Introductory discussions on the roles of unpaired electron(s) in different molecules and how molecules without unpaired electron may become reactive, on the association between ROS/RNS and cardiovascular disease, and on the lack of conclusive evidence suggesting involvement of ROS/RNS in the pathogenesis, are timely and do reiterate our current understanding. However, the notion regarding the usage of weak antioxidants as the probable cause behind the failure of clinical trials is controversial and may have been avoided. An emphasis on the importance of sub-cellular localization of ROS/RNS and discussion on our current lack of targeting technologies for these sub-cellular compartments will help guide future directions and developments of effective technologies. Discussion on the biomarkers that are currently used to measure “oxidative stress” in humans is very informative; authors’ comments on the indirect nature of the current biomarkers and their lack of sensitivity reiterate the need for rigorous research in this field. Further emphasis on the temporospatial nature of ROS/RNS molecules and how ratiometric analytical tools can help quantify those changes may be considered for future updates.

One specific criterion among many that makes this article outstanding is that it provides the researchers with sufficient information to decide upon the use of a specific probe for each species of ROS or RNS depending on the cell, tissue, or biological fluids involved. The section devoted to spin-trapping methods aimed at measuring superoxide, NO, or hydroxyl radicals covers several different conditions in cardiovascular research. For example, measurement of superoxide generation during myocardial ischemia and reperfusion injury in a Langendorff perfused heart using spin-trap has been very well-described. It also covered principles behind the methodologies used to measure superoxide and hydroxyl anion generation by cardiovascular enzymes including mitochondria in vitro and ex vivo.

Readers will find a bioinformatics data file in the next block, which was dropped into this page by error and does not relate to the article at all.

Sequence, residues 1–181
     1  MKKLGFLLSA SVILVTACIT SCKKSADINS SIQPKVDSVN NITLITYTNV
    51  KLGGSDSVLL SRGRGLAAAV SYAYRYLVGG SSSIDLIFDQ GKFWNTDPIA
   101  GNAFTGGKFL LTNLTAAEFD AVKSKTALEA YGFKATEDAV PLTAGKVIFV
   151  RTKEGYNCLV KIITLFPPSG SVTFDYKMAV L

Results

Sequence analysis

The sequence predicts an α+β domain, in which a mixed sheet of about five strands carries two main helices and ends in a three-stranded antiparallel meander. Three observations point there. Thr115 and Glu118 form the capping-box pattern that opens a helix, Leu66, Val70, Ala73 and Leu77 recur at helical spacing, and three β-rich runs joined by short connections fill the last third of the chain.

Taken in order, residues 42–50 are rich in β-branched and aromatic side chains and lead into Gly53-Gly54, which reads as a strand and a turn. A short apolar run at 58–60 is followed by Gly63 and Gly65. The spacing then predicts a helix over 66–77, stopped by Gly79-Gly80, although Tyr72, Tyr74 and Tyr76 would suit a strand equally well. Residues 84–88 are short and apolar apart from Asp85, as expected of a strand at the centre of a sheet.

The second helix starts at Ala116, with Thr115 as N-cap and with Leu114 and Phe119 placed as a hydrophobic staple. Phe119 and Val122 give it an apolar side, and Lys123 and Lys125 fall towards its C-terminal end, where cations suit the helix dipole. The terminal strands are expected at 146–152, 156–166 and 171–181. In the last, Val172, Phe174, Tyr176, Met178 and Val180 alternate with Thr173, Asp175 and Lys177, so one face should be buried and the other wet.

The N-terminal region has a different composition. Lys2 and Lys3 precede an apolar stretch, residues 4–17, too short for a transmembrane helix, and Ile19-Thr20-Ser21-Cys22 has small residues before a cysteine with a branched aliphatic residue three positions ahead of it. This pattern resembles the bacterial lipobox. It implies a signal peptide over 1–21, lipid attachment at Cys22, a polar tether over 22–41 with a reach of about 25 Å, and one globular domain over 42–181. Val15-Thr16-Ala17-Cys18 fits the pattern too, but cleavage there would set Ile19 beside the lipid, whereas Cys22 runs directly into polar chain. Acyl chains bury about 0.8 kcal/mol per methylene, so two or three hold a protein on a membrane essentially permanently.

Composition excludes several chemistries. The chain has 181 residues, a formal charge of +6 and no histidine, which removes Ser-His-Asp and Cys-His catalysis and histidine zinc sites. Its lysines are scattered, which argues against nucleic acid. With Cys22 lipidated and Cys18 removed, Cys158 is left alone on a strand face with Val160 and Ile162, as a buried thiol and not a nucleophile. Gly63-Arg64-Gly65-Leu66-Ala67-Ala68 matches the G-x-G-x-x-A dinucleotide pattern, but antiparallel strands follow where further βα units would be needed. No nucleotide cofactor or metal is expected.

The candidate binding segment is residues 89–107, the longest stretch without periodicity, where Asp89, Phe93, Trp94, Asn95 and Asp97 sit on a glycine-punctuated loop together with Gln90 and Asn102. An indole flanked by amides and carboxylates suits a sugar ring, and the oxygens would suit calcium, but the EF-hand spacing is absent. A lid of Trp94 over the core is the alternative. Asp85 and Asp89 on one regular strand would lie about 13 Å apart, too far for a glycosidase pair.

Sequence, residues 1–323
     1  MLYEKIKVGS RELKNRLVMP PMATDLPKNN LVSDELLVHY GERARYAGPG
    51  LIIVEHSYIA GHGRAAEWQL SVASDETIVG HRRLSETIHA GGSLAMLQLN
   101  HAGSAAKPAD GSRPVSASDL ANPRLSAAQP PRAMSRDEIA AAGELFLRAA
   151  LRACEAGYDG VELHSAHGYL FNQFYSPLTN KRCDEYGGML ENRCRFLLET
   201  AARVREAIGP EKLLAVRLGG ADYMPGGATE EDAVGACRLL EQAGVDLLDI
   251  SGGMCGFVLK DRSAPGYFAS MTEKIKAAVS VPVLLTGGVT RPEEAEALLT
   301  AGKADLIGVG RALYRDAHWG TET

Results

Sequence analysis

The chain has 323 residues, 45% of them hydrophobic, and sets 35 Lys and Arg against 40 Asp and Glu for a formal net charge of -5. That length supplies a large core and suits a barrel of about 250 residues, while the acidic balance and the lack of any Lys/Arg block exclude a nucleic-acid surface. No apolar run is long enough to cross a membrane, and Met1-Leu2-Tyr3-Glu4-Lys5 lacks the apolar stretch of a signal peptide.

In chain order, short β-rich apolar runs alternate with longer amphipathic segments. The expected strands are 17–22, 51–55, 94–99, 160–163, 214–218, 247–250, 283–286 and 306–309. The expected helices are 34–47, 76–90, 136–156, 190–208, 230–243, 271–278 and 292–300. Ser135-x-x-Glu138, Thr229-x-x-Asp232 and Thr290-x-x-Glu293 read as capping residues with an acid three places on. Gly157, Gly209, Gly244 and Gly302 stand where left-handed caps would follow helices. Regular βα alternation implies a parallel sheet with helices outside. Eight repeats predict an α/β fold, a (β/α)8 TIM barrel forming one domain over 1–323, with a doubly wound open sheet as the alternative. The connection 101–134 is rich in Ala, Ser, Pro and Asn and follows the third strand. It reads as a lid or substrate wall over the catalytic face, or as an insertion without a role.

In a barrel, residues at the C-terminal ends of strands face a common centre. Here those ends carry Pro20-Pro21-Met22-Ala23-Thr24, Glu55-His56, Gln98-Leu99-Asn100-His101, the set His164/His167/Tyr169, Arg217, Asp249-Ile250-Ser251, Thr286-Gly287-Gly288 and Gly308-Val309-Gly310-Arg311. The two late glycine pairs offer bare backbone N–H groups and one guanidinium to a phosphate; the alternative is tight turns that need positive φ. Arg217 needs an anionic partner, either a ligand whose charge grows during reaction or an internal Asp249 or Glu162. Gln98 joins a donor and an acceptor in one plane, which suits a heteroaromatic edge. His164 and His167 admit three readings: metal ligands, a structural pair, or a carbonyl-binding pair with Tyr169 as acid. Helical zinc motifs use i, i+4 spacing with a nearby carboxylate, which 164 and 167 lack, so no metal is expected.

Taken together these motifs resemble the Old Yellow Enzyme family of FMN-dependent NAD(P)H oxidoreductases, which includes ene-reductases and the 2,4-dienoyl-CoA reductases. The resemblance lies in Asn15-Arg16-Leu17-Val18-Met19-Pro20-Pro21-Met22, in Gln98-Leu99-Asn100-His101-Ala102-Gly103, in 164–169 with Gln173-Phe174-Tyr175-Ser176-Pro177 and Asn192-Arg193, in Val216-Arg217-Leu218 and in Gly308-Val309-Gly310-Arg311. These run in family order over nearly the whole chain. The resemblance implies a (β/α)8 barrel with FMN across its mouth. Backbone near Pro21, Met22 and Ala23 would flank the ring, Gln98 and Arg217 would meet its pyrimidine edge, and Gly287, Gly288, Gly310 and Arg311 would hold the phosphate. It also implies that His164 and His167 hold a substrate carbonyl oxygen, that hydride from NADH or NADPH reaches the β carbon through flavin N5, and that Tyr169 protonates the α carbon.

A large array of assay methods, techniques, and commercially available ROS/RNS assay kits has been developed during the last decade. Many of these methodologies lack precision, sensitivity, and selectivity, and some are even named or termed inappropriately, resulting in confusion and potential inaccuracies in the research field. Although this article is not aimed at providing the experimental details for each method, it provides appropriate background information for the assays currently available. This Scientific Statement provides general methodological guidelines, points out each method’s strength and limitations, and guides to reproducible techniques for quantifying each ROS/RNS content in the cells, tissues, and biological body fluids. Finally, it lists all the available assays categorically under a “direct ROS measure” and indirect/by-product of ROS measure, which will lessen confusion in the field. This comprehensive guideline will certainly help the readers make an informed choice of their assay method for their respective queries and experimental conditions. It will also help young investigators have a better realization about the differences between the content/level of ROS/RNS and the injuries resulted from ROS/RNS in a given system

-- The opinions expressed in this commentary are not necessarily those of the editors or of the American Heart Association --